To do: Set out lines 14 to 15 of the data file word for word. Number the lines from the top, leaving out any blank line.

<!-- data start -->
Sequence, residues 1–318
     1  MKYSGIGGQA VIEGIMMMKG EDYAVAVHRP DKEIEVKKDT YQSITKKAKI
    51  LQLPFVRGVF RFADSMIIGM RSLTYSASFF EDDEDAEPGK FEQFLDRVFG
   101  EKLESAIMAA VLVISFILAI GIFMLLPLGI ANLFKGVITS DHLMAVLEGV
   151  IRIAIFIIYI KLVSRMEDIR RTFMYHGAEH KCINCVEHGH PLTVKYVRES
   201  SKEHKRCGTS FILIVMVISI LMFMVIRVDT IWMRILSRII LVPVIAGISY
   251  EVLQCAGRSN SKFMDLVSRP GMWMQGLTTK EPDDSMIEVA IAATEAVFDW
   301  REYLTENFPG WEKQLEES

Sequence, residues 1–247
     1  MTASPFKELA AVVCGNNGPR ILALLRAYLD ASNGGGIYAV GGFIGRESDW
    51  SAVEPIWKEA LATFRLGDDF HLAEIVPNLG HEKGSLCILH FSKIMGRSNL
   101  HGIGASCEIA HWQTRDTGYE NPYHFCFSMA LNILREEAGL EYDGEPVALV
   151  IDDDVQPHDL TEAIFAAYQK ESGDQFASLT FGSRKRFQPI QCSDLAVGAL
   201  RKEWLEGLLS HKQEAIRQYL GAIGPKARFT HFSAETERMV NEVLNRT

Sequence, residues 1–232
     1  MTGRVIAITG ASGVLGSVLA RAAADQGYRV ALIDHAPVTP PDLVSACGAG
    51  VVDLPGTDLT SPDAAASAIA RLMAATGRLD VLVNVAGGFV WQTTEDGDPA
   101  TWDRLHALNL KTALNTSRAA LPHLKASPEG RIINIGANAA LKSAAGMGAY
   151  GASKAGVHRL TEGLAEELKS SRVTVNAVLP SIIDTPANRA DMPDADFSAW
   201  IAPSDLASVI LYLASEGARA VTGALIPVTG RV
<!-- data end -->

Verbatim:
   201  RKEWLEGLLS HKQEAIRQYL GAIGPKARFT HFSAETERMV NEVLNRT

Sequence, residues 1–232